Electric Vehicle

Redwood Materials creates the pathways for end-of-life electric vehicles in California

Redwood is launching the electric vehicle battery recycling program, beginning in California, to establish efficient, safe and effective recovery pathways for end-of-life hybrid and electric vehicle battery packs. Ford Motor Company and Volvo Cars are the first automakers to directly support the program, but the company will accept all lithium-ion (Li-ion) and nickel metal hydride (NiMH) batteries in the state.  

To make electric vehicles sustainable and affordable, there need to be pathways for end-of-life battery packs to be collected, recycled and remanufactured into new battery materials. Scaling production of EVs, increasingly from recycled materials, domestically, is the only way to create a circular and, therefore, sustainable and secure supply chain to meet the US’ electrification plans, Redwood says.

While the first major wave of end-of-life electric vehicles is still a few years away, Redwood and our initial partners at Ford and Volvo are committed to creating these pathways now.

California has always been a leader in the transition to electric transportation and, as a result, is the oldest and one of the largest electric vehicle markets. When the first major wave of EVs begins to retire from roads, it will happen in California.

When Redwood first announced its partnership with Ford last year, the company said that the initial workstream was to collaborate to determine how to create pathways together for Ford and Lincoln electrified vehicles to come off the road at the end of their lives and be recycled and manufactured into battery materials to make more, locally manufactured, electric vehicles. Volvo, while a new relationship, is similarly focused on ensuring responsible and secure pathways for end-of-life batteries.

Redwood will work directly with dealers and dismantlers in California to identify and recover end-of-life packs. Redwood will then safely package, transport, and recycle these batteries at its facilities in neighboring Northern Nevada, and then return high quality, recycled materials back into domestic cell production.

Overtime, as EOL packs scale, Redwood expects these batteries to become valuable assets that will help make EVs more sustainable and affordable.

In 2021, Redwood announced it would produce strategic battery materials in the US, supplying battery cell manufacturing partners with anode copper foil and cathode active materials. In January 2022, the company announced that its anode copper foil facility at the Tahoe-Reno Industrial Center will be complete within months and that it will begin producing and delivering product to customers in the first half of this year.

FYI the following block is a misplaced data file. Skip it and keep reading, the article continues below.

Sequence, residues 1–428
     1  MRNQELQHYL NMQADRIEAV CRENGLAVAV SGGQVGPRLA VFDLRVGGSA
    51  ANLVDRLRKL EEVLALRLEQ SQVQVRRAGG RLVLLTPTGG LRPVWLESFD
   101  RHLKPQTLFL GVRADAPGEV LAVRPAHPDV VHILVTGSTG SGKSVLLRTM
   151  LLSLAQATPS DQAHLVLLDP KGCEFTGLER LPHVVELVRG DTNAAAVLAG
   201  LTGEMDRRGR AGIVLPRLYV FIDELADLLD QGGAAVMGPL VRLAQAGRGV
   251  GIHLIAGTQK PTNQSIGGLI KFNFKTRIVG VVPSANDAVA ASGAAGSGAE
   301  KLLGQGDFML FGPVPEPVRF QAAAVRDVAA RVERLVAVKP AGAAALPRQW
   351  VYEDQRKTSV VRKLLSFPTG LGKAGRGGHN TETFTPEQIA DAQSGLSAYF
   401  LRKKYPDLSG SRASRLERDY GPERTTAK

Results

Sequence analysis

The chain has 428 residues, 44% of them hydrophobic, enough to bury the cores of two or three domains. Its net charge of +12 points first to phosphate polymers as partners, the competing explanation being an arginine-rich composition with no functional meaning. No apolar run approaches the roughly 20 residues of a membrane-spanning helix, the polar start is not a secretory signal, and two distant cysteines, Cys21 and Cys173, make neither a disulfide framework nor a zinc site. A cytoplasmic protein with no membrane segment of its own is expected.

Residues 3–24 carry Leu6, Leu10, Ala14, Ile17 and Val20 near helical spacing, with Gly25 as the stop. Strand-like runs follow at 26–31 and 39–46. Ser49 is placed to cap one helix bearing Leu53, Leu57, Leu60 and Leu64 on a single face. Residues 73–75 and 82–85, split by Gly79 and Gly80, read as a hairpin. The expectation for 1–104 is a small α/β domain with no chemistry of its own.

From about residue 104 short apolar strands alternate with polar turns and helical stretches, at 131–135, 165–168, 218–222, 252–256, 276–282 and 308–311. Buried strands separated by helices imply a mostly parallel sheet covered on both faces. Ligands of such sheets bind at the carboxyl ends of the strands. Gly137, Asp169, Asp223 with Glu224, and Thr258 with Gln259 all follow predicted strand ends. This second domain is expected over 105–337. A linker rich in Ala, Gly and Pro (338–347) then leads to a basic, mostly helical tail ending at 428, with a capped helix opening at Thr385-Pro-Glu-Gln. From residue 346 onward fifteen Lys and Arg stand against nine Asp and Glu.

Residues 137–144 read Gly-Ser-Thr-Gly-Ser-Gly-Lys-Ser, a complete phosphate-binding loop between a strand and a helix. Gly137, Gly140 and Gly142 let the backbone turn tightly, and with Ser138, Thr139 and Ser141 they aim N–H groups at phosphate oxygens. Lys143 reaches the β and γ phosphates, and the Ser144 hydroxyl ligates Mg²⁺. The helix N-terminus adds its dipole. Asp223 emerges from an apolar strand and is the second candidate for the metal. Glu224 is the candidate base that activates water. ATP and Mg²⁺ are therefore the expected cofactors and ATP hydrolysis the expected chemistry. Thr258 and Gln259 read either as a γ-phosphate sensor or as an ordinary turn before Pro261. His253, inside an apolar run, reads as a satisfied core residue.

Over the next few years, Redwood will ramp copper foil production to 100 GWh or 250,000 km of product annually—enough copper foil to build more than one million electric vehicles a year. Additionally, this site will house Redwood’s hydrometallurgy recycling operations, which will allow Redwood to feed copper from recycled lithium-ion batteries directly into copper foil production in a closed-loop. Because initially, Redwood’s production of copper foil will outweigh current supply of copper recovered from battery recycling operations, Rdwood will also be sourcing other domestic recycled copper.

Today, the US exports several hundred thousand tons of copper a year to Asia; Redwood’s utilization of this secondary supply will ensure this critical metal stays in the US.

Panasonic will be the first partners who expect to source Redwood’s copper foil. The partnership with Panasonic began in 2019 and since, Redwood has been recycling all Panasonic’s manufacturing scrap from the Tesla Gigafactory. That material will now be recycled, and the copper contained will be remanufactured into anode foil and returned to Panasonic at the Gigafactory. This will mark the first time batteries will be recycled, remanufactured and then returned to the same factory in a fully closed loop, Redwood noted.

As part of the copper foil facility and expanded recycling operations, Redwoods expects to invest $1 billion in Northern Nevada over the coming years and hire more than 500 people at the Tahoe-Reno Industrial Center site.

Redwood is actively searching for another battery materials campus, focused on cathode production, which it plans to announce this year. At that site, Redwood will spend upwards of $2 billion and scale cathode production to 500 GWh or five million electric vehicles by 2030.

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